But to me, I need to run all this madness past the stride length of one of our game’s best pitchers – Cat Osterman. Let’s take a quick look at Cat’s stride and glide length and see how a world class pitcher falls into our discussion. Looking at the picture to the left shows that Cat takes a 7 foot 5 inch stride. While this number seems insane check out how close her stride foot lands to the circle which is 8 feet from the pitching rubber. Yet, when you look at Cat’s landing position she doesn’t seem out of balance or out of control. You would think anyone taking just about a 7 ½ foot stride would be completely out of control and yet Cat has her feet underneath her and is under control and balanced.
This balanced look at release that Cat has, while taking a 7 ½ foot stride (approx) is possible because of the Glide Factor. By a pitcher actually gliding during her stride she’s able to cover so much more ground and she generates a tremendous explosion for her hand to use at release. This Glide is again something the pitcher does before her stride foot hits the ground traveling her forward while the toes of her back foot are in contact with the ground.
Looking at Cat’s Glide Factor we can see she has a 2 foot 6 inch glide. When you remove that glide length from her total stride (7 ft 5 in) it leaves her with a stride of 4 feet 11 inches. And, knowing that Cat is 6 feet 2 inches tall it means that Cat’s 4 ft 11 in stride is 79% of her height – again falling into our 70 to 90% range.
Hopefully I haven’t bored you to death with too much math. If you happen to be a current student-athlete reading this, I hope it serves as a useful reason to pay attention in math class.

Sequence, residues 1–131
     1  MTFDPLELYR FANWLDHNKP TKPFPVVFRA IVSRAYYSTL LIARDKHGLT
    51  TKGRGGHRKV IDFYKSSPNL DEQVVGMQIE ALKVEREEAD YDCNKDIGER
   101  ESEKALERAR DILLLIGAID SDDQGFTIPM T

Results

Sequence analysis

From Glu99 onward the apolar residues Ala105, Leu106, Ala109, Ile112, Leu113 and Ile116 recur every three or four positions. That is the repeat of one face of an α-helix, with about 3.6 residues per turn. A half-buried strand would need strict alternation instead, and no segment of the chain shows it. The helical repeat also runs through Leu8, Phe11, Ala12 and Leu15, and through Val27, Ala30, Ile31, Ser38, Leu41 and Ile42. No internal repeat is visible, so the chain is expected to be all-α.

Anyway, I didn’t go into this whole thing with a preconceived notion of what I wanted to find but rather was just curious to see what was actually happening. To sum up, here are some things we should pay attention to when talking about a pitcher’s stride:
- You don’t want to jump out of control when you stride just to add a foot to your stride.
- You want to push off the ball of your pivot foot to help get maximum power.
- Don’t jeopardize your pitching mechanics at the expense of gaining distance.
- Let your feet help your hand – remember it isn’t the pitching long jump!
- Younger pitchers who are still developing their pitching fundamentals and confidence won’t have much of a glide factor since they won’t tend to be as explosive as a more powerful pitcher.
- Use the stride when pitching underhand the same way you do when throwing overhand – the more powerful the throw the more explosive the stride
- The stride only starts the pitch, the hand finishes it!
- The pitcher must end up balanced and over her stride foot in the follow-through and not falling either backwards and short of her stride or else forward and beyond her stride. In either of these cases the stride was either too long (if falling backwards) or else too short (if falling forward beyond the stride)
Both softball and baseball pitchers use their strides as means to create power, explosion and balance. The stride is simply the start of the pitch and not the finish so while it does appear softball pitchers actually stride within the same 70 to 90% distance of their height it DOESN’T mean we should all head out to the bullpens with our tape measures and start creating robots. Use more of your body-motion common sense when teaching pitchers – notice how players use their upper and lower bodies while doing other skills and motions. If what you’re teaching someone in pitching wouldn’t seem logical when throwing overhand, then chances are, it’s crazy underhand.